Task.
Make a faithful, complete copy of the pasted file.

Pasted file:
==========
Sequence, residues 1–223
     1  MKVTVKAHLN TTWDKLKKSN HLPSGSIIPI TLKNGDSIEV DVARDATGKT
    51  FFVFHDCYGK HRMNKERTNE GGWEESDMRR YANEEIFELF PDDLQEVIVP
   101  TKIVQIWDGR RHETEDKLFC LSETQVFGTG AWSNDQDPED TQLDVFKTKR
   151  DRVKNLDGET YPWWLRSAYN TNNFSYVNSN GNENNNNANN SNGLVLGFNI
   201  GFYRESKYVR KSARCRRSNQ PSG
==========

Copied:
Sequence, residues 1–223
     1  MKVTVKAHLN TTWDKLKKSN HLPSGSIIPI TLKNGDSIEV DVARDATGKT
    51  FFVFHDCYGK HRMNKERTNE GGWEESDMRR YANEEIFELF PDDLQEVIVP
   101  TKIVQIWDGR RHETEDKLFC LSETQVFGTG AWSNDQDPED TQLDVFKTKR
   151  DRVKNLDGET YPWWLRSAYN TNNFSYVNSN GNENNNNANN SNGLVLGFNI
   201  GFYRESKYVR KSARCRRSNQ PSG